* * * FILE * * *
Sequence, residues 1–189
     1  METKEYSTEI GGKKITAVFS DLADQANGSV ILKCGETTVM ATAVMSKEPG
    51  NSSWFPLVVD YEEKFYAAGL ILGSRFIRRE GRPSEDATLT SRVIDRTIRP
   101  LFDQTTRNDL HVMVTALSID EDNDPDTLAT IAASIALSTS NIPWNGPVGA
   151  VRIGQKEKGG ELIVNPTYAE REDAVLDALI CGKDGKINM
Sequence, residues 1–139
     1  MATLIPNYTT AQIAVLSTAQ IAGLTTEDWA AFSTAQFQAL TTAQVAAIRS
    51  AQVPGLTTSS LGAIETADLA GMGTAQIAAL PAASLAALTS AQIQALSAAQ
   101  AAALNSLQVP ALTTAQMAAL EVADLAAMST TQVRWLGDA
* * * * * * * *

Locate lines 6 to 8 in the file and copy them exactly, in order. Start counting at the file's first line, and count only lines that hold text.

Sequence, residues 1–139
     1  MATLIPNYTT AQIAVLSTAQ IAGLTTEDWA AFSTAQFQAL TTAQVAAIRS
    51  AQVPGLTTSS LGAIETADLA GMGTAQIAAL PAASLAALTS AQIQALSAAQ